We’re losing confidence in our president, Michael explains, because it’s getting clearer and clearer he has no detailed conception of what we wants to get done. He’s bad at legislation partly because he no experience in it and partly because he seems indifferent to the factual concerns that should animate tough policy choices. The last Democrat to be in his favorable situation was LBJ, who knocked himself out getting the schemes of his policy wonks through Congress. The results, of course, were a lot more negative than not. So on balance we should be sort of happy that BHO is no LBJ. We should also be worried, of course, that he might turn out to be a quick study who will learn from his recent bad experiences. We certainly shouldn’t count on his favorability rating continuing to drop.
I doubt that very many folks would agree with you that LBJ's legislative accomplishments were, on balance, negative. There's a lot to balance. Think of Medicare, Medicaid, Civil Rights Act of 1964, Voting Rights Act of 1965, Wild & Scenic Rivers Act, NEPA, NHTSA, Head Start, National Trails System Act, truth-in-lending, urban mass transit.
Obama is running a play that worked great during the stimulus debate. That dosen't mean it will work on healthcare (please God let it fail), but the strategy has a logic and history of success not hinted at in Barone's article. Its components include,
1. Letting the House Democratic leadership craft the most leftwing bill that has even the slightest chance of passing Congress. This pushes the debate leftwards and focuses whatever public hostility that results onto House Democrats from safe seats.
2. The President stays aloof from the details of the debate, but comments from above. He makes extravagent promises for what the eventual bill will do (green jobs for everybody) and promises horror if a bill doesn't not pass on his timetable (like nine percent unemployment). The key point is that the President is not commenting from the center, he is commenting from above.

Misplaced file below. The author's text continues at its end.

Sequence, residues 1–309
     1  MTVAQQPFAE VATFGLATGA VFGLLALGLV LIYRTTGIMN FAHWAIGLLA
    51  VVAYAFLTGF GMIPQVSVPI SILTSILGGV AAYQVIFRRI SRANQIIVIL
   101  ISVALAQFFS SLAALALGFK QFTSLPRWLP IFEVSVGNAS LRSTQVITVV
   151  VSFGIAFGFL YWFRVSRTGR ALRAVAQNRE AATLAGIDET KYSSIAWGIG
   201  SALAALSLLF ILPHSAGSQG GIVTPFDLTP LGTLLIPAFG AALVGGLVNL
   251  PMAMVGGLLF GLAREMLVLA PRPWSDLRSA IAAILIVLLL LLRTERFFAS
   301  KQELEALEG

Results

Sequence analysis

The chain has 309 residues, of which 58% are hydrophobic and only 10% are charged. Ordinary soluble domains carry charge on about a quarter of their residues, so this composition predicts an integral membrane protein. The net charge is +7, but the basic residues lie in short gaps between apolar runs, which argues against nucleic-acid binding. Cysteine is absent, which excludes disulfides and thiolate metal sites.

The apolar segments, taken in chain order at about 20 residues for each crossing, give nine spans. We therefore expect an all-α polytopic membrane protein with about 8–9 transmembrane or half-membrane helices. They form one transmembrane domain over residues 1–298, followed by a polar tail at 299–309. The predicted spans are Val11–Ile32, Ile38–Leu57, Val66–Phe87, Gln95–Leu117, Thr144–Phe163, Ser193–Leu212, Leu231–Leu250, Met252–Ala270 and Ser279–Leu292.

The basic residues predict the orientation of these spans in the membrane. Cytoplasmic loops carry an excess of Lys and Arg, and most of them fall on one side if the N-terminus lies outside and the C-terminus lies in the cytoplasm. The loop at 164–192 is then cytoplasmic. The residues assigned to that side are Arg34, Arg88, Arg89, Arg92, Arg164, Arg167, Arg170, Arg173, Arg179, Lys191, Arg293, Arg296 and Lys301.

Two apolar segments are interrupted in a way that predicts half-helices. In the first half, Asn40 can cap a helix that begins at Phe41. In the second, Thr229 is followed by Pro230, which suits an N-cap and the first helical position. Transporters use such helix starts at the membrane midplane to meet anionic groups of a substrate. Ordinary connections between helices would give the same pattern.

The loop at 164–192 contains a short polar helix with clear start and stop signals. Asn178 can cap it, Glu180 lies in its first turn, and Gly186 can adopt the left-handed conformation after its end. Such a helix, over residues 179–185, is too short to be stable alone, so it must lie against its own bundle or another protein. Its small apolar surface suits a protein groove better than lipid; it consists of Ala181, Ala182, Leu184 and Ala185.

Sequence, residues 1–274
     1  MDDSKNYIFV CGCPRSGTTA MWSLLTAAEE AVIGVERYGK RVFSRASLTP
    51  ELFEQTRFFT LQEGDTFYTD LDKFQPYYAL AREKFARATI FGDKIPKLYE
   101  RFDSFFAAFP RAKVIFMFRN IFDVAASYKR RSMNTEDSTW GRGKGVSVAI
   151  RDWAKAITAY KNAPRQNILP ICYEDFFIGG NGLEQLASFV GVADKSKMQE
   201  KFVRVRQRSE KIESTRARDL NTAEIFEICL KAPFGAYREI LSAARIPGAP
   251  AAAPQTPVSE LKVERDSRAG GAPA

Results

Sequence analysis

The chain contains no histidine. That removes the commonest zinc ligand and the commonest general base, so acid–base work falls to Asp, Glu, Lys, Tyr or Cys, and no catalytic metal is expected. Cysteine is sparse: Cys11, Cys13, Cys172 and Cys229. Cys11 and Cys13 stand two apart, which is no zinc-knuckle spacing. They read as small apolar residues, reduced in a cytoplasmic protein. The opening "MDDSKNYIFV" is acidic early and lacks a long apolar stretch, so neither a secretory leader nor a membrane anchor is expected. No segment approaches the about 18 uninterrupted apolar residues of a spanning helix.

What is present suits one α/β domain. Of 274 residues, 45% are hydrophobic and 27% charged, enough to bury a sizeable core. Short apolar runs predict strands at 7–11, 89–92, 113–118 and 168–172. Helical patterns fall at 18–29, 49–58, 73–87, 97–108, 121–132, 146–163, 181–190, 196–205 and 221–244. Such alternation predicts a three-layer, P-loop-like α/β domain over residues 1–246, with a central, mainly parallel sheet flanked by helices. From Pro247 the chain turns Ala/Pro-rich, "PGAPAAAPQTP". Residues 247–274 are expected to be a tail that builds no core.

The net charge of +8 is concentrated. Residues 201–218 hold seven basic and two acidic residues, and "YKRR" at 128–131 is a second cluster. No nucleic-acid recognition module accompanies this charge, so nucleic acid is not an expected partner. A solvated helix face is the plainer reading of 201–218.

3. He swoops in at the end and says that all the squabbling children of Congress have had their say and that it is time to pass the bill that the congressional Democrats have hammered out among themselves. Sure no one has read it, but it is the best that we are going to get considering the fierce urgency suggested by the President's very serious expression and tone of voice.
This strategy is dependent not only on Obama's personal popularity but on the public perception of him being above the legislative fray. If he wants a public plan, he can't shill for the public plan in the early stages of the debate. He needs the congressional Democrats to carry the ball as far leftwards as they can and then he carries it over the goal line. The price of this is that journalists will attack him as uninvolved during the early stages of the debate.
While this strategy worked fine in the stimulus debate, there are reasons to hope it will work less well now.
1. His popularity is lower.
2. The stimilus didn't hit people where they live. It was being payed for with borrowed money. The idea that the deficits will get you (through inflation, higher taxes down the line, whatever) is really abstract - as Democrats from 1984 will tell you. Healthcare involves issues of taxation, choice, and benefit levels that people have a direct and personal stake in.